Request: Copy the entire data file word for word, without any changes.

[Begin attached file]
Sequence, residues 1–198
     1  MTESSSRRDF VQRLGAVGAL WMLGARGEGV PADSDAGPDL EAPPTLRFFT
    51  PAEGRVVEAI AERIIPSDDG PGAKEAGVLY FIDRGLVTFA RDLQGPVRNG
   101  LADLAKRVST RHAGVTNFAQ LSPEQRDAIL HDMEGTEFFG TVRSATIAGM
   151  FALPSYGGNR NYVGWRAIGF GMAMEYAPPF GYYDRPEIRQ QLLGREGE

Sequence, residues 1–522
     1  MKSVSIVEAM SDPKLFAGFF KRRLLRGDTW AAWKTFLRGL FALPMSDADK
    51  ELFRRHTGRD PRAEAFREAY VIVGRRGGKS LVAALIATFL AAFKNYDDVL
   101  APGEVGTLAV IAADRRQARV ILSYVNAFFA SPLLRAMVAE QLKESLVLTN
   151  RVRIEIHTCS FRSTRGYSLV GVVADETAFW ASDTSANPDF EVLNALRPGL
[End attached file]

Sequence, residues 1–198
     1  MTESSSRRDF VQRLGAVGAL WMLGARGEGV PADSDAGPDL EAPPTLRFFT
    51  PAEGRVVEAI AERIIPSDDG PGAKEAGVLY FIDRGLVTFA RDLQGPVRNG
   101  LADLAKRVST RHAGVTNFAQ LSPEQRDAIL HDMEGTEFFG TVRSATIAGM
   151  FALPSYGGNR NYVGWRAIGF GMAMEYAPPF GYYDRPEIRQ QLLGREGE

Sequence, residues 1–522
     1  MKSVSIVEAM SDPKLFAGFF KRRLLRGDTW AAWKTFLRGL FALPMSDADK
    51  ELFRRHTGRD PRAEAFREAY VIVGRRGGKS LVAALIATFL AAFKNYDDVL
   101  APGEVGTLAV IAADRRQARV ILSYVNAFFA SPLLRAMVAE QLKESLVLTN
   151  RVRIEIHTCS FRSTRGYSLV GVVADETAFW ASDTSANPDF EVLNALRPGL